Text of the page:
Newly Obtained Document Shows Senate Republicans Signed an Agreement in May to Not Walk Out Again

Senate Minority Leader Herman Baertschiger, Jr. pledged "Senate Republicans will not walk out again." He says, however, it was Democrats who violated the agreement.

WW has obtained the one-page document that formed the basis for Senate Republicans coming back to work May 13, after the first time this session they fled the Capitol to deny Democrats a quorum.

The document included a pledge not to walk out again. Yet Senate Republicans walked out a second time last week.

In their earlier walkout, the Republican senators wanted to block a Senate vote on House Bill 3427, the "Student Success Act," which will raise more than $1 billion a year for schools.

Negotiations between Gov. Kate Brown, Senate President Peter Courtney (D-Salem) and Senate Minority Leader Herman Baertschiger, Jr. (R-Grants Pass) led to a May 13 agreement that convinced the Republicans to return to the Capitol.

The newly obtained document shows that, when they fled the Capitol June 20 in an effort to block a cap-and-trade bill, the Senate Republicans violated the first point of the of the May 13 agreement.

Here's what it said:

"Senate Republicans will not walk out again during the 2019 Regular Legislative Session, ending June 30, 2019."

Here's the document:

The document is dated May 13 and initialed by Brown (GKB), Courtney (PC) and Baertschiger (initials above Courtney's).

Walking out of the Legislature to deprive the majority party of a quorum is a rare but not unheard-of practice around the country. (Oregon House Democrats did it in 2001.) What's less common is violating a written agreement. But there's disagreement about who did that.

Some points in the deal were clearly upheld. Republicans returned May 13 for a vote on HB 3427 (it passed); Democrats killed House Bill 3063 (a vaccine requirement bill) and Senate Bill 978 (a gun safety bill).

Whether Senate Bill 2020 got the "reset" promised in the document is a matter of interpretation.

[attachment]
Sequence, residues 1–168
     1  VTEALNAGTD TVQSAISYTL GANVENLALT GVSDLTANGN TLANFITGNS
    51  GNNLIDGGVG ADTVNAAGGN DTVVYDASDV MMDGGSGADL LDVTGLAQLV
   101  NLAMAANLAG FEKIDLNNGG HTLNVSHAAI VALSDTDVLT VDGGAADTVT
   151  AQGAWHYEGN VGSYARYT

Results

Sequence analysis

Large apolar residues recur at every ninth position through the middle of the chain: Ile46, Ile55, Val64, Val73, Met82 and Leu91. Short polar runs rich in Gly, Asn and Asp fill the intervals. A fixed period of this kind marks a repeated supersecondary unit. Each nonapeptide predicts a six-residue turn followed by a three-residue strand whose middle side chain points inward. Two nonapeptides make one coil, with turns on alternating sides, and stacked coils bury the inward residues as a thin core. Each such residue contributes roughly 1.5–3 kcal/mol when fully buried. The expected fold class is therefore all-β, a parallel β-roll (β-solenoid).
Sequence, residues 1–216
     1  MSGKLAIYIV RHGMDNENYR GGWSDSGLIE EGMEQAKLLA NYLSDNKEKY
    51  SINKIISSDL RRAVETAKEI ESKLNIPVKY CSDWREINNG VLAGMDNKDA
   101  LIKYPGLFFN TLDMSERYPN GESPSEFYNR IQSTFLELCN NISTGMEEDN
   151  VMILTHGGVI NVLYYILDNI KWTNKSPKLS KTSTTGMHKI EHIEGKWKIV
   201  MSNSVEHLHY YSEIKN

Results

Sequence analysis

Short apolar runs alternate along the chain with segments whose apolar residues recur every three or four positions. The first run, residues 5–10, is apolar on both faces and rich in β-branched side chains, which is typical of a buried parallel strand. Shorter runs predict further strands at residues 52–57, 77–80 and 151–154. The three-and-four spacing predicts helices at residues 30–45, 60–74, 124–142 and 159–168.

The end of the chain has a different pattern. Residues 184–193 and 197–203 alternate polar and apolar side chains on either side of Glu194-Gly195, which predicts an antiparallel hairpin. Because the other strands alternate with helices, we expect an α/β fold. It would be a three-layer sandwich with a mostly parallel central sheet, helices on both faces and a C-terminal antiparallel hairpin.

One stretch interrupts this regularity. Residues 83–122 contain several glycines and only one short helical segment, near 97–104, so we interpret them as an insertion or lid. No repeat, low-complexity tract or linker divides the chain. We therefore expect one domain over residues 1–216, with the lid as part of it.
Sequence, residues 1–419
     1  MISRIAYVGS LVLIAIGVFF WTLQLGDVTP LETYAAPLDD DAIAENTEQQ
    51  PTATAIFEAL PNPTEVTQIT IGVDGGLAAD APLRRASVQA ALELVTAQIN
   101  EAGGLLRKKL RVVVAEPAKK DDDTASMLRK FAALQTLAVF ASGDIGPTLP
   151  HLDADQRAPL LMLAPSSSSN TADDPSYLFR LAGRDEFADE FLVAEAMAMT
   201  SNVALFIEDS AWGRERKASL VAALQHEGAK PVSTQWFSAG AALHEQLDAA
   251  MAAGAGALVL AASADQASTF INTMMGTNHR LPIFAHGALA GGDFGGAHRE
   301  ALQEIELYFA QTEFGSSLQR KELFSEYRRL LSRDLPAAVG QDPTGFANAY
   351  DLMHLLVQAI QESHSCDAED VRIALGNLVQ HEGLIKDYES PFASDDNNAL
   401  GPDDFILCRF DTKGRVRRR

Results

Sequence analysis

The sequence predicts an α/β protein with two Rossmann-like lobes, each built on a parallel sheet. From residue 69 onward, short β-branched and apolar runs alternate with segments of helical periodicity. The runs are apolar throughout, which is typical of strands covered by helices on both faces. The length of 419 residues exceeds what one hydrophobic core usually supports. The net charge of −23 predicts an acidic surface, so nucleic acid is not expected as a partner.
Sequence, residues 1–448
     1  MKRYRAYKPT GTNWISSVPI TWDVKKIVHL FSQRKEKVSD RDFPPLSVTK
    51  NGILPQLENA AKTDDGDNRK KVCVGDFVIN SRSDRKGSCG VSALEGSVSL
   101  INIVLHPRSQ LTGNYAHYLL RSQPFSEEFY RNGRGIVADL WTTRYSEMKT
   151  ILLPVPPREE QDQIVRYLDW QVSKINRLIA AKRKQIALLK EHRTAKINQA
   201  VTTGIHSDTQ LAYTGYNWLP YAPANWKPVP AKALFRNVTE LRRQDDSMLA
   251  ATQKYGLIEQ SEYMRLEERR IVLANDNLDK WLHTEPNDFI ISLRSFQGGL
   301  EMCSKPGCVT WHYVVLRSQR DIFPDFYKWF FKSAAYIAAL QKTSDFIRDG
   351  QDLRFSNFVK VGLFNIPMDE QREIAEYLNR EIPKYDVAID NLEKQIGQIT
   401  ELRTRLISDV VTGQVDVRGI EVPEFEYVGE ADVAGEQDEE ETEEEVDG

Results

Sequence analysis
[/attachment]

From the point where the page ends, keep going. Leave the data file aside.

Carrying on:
In an email, Baertschiger says it did not.

"Cap and Trade never got a reset," he writes. "Part of the agreement was to change the entire bill number. A new bill number would have ensured Sen. Bentz would have been at the table to have a true reset."

"In our last-ditch effort on Wednesday to reset the bill, Senator Bentz took great care to lay out how we can reduce carbon and incentivize people in this transition with a revenue neutral approach. But his 8 plus hours of work that day was dismissed minutes after he left by the very folks that leaked this document."

Bentz (R-Ontario), the GOP's lead negotiator on climate, was involved in numerous  meetings after returning to the Capitol, including the meeting Baerschiger references, when he sat down for a marathon session with Brown's chief of staff, Nik Blosser and state Rep. Karin Power (D-Milwaukie), the lead House expert on cap and trade, just before the Republicans walked out for the second time.

Lawmakers also held five work sessions and a public hearing on HB 2020 after Republicans returned, considered numerous amendments, and actually did  amend the bill twice, to the consternation of environmentalists.

In addition, Democrats passed Senate Bill 1051 after Republicans returned from their first walkout. That bill provides relief for low-income motorists and loggers and other buyers of off-road diesel who might be affected by HB 2020's higher fuel prices.

The fact that GOP senators aren't back in Salem yet supports the widespread belief in the Capitol that their second walk-out was about more than HB 2020, that it was about figuring out how to undercut other Democratic priorities, including the corporate tax passed earlier in the session and is set for referral.

The existence of the May 13 document also makes more puzzling Courtney's decision this morning to announce on the Senate floor that he did not have the 16 Democratic votes necessary to pass HB 2020. Rather than trying to hold Republicans to the agreement, Courtney capitulated.

The way Baertschiger sees it, however, Democrats had no moral high ground to hold. He says they violated point number 6 in the the agreement—a promise not to retaliate—when they passed a bill that banned coyote-hunting contests.

"Number 6 says no retaliation," Baertschiger says. "The coyote bill, Senate Bill 723, only affected one county in Sen. Bentz's district and he is the one member that is listed in bullet point five. Clear retaliation. The Democrats fundamentally broke the deal."

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